In the last decade there has been tremendous growth in the share of marketplace retailers such as eBay, Amazon and Walmart. These online behemoths sell “everything from A to Z” and their product expertise is understandably limited and completely dependent on what they receive from the seller. In the Joint Industry Report on eCommerce, it was reported on Amazon 55% of unit sales were made by 3rd party sellers. In this scenario, the product listing content is distanced even further from the product authority – the brand owner. Many brands enjoy significant sales through the marketplace channel, but at what cost to their brand’s reputation and customer satisfaction when the content listed is out-of-date, incomplete, or misleading? Since you have no way of knowing where the next consumer will be researching their next purchase of your brand online, brand owners must have a strategy to ensure that the best brand story and rich, complete product content is continuously updated through all channels from the registered brand authority – you.

  1. Rich product content should aim to guide the consumer to the most appropriate product for their needs. In the absence of rich content – Price is Boss

The aftermarket industry standard for the exchange of product content was developed at a time when brick and mortar stores accounted for 98% of retail sales. The Product Information Exchange Standard (PIES) is continuously updated to meet the evolving technical needs of brands and their channel partners. Support for spinning 360-degree product images, installation videos and Search Engine Optimized (SEO) text have been added to the specification. But it’s critical that this content be authored and syndicated throughout the industry. Otherwise, it’s useless to point to the new segments and fields in the specification if brand-owners are not investing in creating and publishing the new and extended digital content.

II    What different and unique content is needed in eCommerce?

It’s not hard to imagine what content a customer needs to make an informed purchase decision if they can’t handle the product or talk to someone with some product knowledge to answer their question and explain the features and benefits. Here are a few specific content segments that deserve extra attention and investment if your product is going to succeed in the digital channel.

  • Images and digital assets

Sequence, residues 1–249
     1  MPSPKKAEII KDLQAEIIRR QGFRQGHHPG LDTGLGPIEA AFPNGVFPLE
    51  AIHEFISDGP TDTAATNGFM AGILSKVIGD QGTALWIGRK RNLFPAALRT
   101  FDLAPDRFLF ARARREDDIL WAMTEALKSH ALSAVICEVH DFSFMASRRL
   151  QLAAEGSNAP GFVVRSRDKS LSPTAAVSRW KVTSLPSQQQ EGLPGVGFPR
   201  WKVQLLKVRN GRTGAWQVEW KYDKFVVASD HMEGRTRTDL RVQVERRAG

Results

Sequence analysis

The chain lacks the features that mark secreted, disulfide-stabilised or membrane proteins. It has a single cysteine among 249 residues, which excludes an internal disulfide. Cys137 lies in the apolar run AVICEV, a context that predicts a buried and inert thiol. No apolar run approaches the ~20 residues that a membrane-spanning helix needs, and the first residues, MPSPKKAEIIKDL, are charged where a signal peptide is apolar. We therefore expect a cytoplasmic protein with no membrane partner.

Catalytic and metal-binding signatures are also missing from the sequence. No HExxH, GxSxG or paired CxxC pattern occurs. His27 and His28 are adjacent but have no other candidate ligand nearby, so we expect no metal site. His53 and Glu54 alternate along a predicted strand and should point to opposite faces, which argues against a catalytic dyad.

• High-quality product images have been a staple of web listings from the beginning. But the expectations of the digital buyer today are for multiple views of a product from the top, bottom, left and right, and 360 spinning images that are stitched together from 24 or more angles. The right product images will allow the customer to examine the connectors and fitting for proper fit. In the case of performance parts and truck accessories the product images can visualize the product in use, even installed on the customer’s model of vehicle

    • There is a long list of digital assets that will answer technical questions about the product or assist with proper installation. A library of installation videos contributes to satisfied customers and reduced returns. Drive belt routing guides are essential to proper installation. Torque specs, fluid capacity, product care suggestions and even return procedures should be available to the shopper pre-sale. If you ever printed it and put it in the box, convert it to a PDF and send it along with the other product information

  • Features and Benefits, Key Words and Labels
    • Search Engines crawl and index the web pages of you and your channel partners’ web sites in search of the content that will elevate your search results and lead to more conversions. As the brand owner, you should provide the product features and associated benefits that are specific to your brand and product category. Remember that originality is rewarded in Search Engines. FAB content should be bulleted and ranked in order of relevance and priority.